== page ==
We recently traveled from Minnesota to Maine by way of Canada. We had ten days to complete the trip which we hoped would give us enough time to combine short drive days with fun stuff like hiking and kayaking. Along the way I kept a daily journal of the trip. You can read Part 1 here.
This morning we drove for an hour and half without passing any towns. When we finally did come to a town called Wawa we stopped for gas and some lunch. The only disappointment about our route so far is that the towns along the way have been on the run down side and sadly lacking in dining options. I’m not sure if it’s economics, or geographic location that has these towns down, but we’ve seen a lot of bordered up store fronts and closed down restaurants. Instead of the locally owned diners and cafes that we were hoping for, the main options for eating are Tim Hortons, Robin’s Donuts, and A & W. This time the only lunch option was Tim Hortons, so we tried it out. It was…well, let’s just say that lunch is definitely not their thing. The quality of the food was so low that I only ate a single bite of my sandwich. Oh, and the WiFi didn’t work either.
After lunch we only had to drive another 45 minutes before reaching Lake Superior Provincial Park. The park has two campgrounds and we choose the southernmost one because it was next to a long stretch beach. Given that it was a Friday we expected a busier campground, but it was still only about half full. I guess when your campground has 300 sites, it doesn’t fill up on even the most perfect summer weekend. Somehow we got lucky and ended up with the last site next to the beach that was big enough for our size RV. We were so close to the beach in fact that our entire site was sand. Good thing we have 4WD. I took this picture in the evening after some fog rolled in and the lake tuned the same color as the sky which makes it hard to see the water, but trust me when I tell you that there’s one giant lake back there.
The beach is located in a protected cove and stretches on for miles.
We wasted no time getting the kayaks in the water. It was perfectly calm and we paddled along the shore for awhile, admiring the crystal clear water and pink granite cliffs.
The water here might be beautiful, but it’s also very cold! We learned at the visitor center that Lake Superior is the deepest of all the Great Lakes. It could hold all the water in the other Great Lakes, plus three more Lake Eries. All that deep water means that the average temperature is around 40 degrees, and while the surface temps do rise in the warm summer months, even in August the average surface temp is still only around 55. Needless to say, we didn’t go swimming.
That evening we brought our chairs out for sunset and watched as the sun sank below the horizon.
I woke up this morning feeling worn out — like I need a vacation from our vacation. Maybe for our next vacation instead of driving halfway across Canada and trying to fit in as many activities as possible, we’ll spend a week lying on a beach while someone delivers us a steady supply of tropical drinks :)
This was to be our last stop along Lake Superior though, and with rain in the forecast tomorrow I dug deep into my energy reserves and we set off for a hike. The park pamphlet described the trail as a “10 km strenuous climb“. It seems that more often than not these trail descriptions err on the side of caution. It’s like vanity sizing for clothing — designed to make you feel could about yourself. You might think you wear a size four and you just hiked a trail rated “difficult”, but really those pants won’t fit past your knees, and my grandmother could have skipped up that trail. But this time the description was spot on. It started off with a steep climb up a ravine filled with large boulders. No switch backs, no meandering path though the forest, just a relentless uphill climb. Combine that with oppressive humidity and warmer temperatures than we had seen in a month, and this trail really kicked our butts.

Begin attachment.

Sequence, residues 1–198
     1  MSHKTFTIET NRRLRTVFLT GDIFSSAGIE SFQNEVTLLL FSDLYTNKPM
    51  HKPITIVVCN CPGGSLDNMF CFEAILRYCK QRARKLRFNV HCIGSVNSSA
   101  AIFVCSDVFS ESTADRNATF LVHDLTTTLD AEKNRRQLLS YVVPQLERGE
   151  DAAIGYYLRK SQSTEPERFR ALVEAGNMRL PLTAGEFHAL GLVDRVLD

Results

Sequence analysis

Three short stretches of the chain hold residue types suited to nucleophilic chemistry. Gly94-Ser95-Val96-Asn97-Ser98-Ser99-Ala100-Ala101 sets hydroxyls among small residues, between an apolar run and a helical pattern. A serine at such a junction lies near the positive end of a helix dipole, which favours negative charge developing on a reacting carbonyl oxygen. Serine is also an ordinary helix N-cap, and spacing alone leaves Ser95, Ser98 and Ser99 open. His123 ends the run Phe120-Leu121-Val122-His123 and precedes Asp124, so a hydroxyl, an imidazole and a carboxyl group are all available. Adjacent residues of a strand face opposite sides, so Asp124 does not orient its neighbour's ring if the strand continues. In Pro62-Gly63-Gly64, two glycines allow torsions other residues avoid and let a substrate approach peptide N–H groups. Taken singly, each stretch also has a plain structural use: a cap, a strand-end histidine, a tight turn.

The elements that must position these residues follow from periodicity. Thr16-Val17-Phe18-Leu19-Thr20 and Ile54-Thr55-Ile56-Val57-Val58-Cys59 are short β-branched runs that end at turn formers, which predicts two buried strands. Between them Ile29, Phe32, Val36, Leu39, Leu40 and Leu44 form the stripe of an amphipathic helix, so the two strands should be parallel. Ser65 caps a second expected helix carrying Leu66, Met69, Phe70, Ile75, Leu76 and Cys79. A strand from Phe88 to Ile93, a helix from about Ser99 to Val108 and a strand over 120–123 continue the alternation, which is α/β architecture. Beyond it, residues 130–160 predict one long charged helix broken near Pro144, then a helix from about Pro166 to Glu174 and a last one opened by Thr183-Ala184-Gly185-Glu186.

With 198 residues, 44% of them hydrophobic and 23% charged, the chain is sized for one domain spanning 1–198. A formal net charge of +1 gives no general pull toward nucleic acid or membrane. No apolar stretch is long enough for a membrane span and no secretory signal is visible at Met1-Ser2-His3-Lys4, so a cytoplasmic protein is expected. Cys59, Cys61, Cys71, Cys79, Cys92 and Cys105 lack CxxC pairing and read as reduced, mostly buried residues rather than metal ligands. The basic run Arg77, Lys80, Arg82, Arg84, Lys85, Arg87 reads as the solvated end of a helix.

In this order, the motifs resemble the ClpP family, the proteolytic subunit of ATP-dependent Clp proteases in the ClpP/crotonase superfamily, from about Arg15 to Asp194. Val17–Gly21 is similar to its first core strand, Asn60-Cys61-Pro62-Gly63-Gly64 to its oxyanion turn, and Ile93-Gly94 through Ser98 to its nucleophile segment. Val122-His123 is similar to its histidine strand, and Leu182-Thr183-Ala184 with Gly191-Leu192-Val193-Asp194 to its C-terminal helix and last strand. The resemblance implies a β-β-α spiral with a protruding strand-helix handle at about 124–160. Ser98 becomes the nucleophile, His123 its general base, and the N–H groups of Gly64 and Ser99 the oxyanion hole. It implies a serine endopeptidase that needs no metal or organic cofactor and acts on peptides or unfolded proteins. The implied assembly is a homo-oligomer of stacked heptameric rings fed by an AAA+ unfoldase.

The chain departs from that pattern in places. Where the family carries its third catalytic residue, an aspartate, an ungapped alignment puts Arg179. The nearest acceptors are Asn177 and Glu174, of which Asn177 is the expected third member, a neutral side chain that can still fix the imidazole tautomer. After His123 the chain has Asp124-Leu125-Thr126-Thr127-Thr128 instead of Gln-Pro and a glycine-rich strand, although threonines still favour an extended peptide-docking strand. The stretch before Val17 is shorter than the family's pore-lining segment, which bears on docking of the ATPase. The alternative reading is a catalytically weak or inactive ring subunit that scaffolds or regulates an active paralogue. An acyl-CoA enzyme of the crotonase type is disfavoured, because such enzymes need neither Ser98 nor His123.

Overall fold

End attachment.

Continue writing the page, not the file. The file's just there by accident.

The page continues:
I would classify this as a typical eastern side of the country hike. You know the kind where you hike through the dense woods while swatting mosquitos until you eventually reach a tiny opening with a view? At least the view was worth the climb.
By the time we got back to our site it was early afternoon and we had just enough time for quick showers and lunch before 2pm checkout. That’s right — another reason to love Ontario Provincial Parks. Not only is check out at 2, but you can then stay in the day use area of that park, or any other provincial park until 10pm. Love that! We had wanted to squeeze in one more park — a nearby park called Pancake Bay — but we really need to start putting some miles behind us if we’re going to make it Maine by Wednesday. So we packed it up and headed south to Sault Ste Marie. We arrived just in time for a rain storm that we waited out in a parking lot. The plan was to walk around downtown, find a place to eat, and then overnight at the Walmart. The rain put a damper on the walk around town idea, but we did find a casino right in the downtown area that seemed like a better overnight option than the Walmart. When the rain stopped we walked over to a nearby BBQ restaurant for a decent meal.
Today was a driving day. Our goal was to make it as close to Ottawa as possible. With nearly 800 miles to go, there was no way we would get there in one day, but if we could make it within a few hundred miles that would give us a whole day to explore the city. This travel pace is way faster than normal for us. Ideally, we would have spent a leisurely week or two exploring the shore of Lake Huron, then maybe meandered our way around Lake Ontario, lingered in upstate NY, and stopped in Vermont for a visit before the final push to Maine. But we decided instead to spend a whole month in Minnesota, which only left us a week and half to get to Maine. We then decided to spend extra time exploring the north shore of Lake Superior which would mean a few long driving days to get across the rest of Ontario and Quebec. We did stop briefly at a tiny little town park on the shore of Lake Huron for lunch. This was to be our only glimpse of the lake as we continued east.